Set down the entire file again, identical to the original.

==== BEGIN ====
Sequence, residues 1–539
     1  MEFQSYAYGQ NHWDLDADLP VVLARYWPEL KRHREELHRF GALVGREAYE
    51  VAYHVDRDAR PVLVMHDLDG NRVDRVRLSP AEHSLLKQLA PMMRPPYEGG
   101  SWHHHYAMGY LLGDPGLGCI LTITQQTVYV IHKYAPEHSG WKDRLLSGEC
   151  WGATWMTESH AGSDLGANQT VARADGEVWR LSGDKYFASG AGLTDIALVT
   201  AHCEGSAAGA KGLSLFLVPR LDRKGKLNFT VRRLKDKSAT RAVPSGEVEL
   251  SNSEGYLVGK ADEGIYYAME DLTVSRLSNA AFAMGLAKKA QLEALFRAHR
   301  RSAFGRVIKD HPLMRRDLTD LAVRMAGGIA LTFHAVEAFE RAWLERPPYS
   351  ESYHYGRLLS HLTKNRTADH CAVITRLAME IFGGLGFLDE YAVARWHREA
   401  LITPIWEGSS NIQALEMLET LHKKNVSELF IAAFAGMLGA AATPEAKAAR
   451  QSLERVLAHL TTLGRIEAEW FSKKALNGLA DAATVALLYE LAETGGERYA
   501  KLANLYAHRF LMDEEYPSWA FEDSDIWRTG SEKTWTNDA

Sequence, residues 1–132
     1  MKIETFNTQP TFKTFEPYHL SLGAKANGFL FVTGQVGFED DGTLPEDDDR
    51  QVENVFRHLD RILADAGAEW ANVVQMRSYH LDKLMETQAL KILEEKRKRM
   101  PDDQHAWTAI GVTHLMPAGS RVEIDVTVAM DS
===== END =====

Sequence, residues 1–539
     1  MEFQSYAYGQ NHWDLDADLP VVLARYWPEL KRHREELHRF GALVGREAYE
    51  VAYHVDRDAR PVLVMHDLDG NRVDRVRLSP AEHSLLKQLA PMMRPPYEGG
   101  SWHHHYAMGY LLGDPGLGCI LTITQQTVYV IHKYAPEHSG WKDRLLSGEC
   151  WGATWMTESH AGSDLGANQT VARADGEVWR LSGDKYFASG AGLTDIALVT
   201  AHCEGSAAGA KGLSLFLVPR LDRKGKLNFT VRRLKDKSAT RAVPSGEVEL
   251  SNSEGYLVGK ADEGIYYAME DLTVSRLSNA AFAMGLAKKA QLEALFRAHR
   301  RSAFGRVIKD HPLMRRDLTD LAVRMAGGIA LTFHAVEAFE RAWLERPPYS
   351  ESYHYGRLLS HLTKNRTADH CAVITRLAME IFGGLGFLDE YAVARWHREA
   401  LITPIWEGSS NIQALEMLET LHKKNVSELF IAAFAGMLGA AATPEAKAAR
   451  QSLERVLAHL TTLGRIEAEW FSKKALNGLA DAATVALLYE LAETGGERYA
   501  KLANLYAHRF LMDEEYPSWA FEDSDIWRTG SEKTWTNDA

Sequence, residues 1–132
     1  MKIETFNTQP TFKTFEPYHL SLGAKANGFL FVTGQVGFED DGTLPEDDDR
    51  QVENVFRHLD RILADAGAEW ANVVQMRSYH LDKLMETQAL KILEEKRKRM
   101  PDDQHAWTAI GVTHLMPAGS RVEIDVTVAM DS